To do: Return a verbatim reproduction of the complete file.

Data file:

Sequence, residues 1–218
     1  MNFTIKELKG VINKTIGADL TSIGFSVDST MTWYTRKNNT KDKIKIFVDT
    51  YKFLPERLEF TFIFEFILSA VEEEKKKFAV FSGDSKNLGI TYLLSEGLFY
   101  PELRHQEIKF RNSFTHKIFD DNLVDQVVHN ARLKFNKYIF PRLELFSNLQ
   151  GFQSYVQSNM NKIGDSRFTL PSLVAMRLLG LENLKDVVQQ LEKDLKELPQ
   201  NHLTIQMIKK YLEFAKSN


Sequence, residues 1–218
     1  MNFTIKELKG VINKTIGADL TSIGFSVDST MTWYTRKNNT KDKIKIFVDT
    51  YKFLPERLEF TFIFEFILSA VEEEKKKFAV FSGDSKNLGI TYLLSEGLFY
   101  PELRHQEIKF RNSFTHKIFD DNLVDQVVHN ARLKFNKYIF PRLELFSNLQ
   151  GFQSYVQSNM NKIGDSRFTL PSLVAMRLLG LENLKDVVQQ LEKDLKELPQ
   201  NHLTIQMIKK YLEFAKSN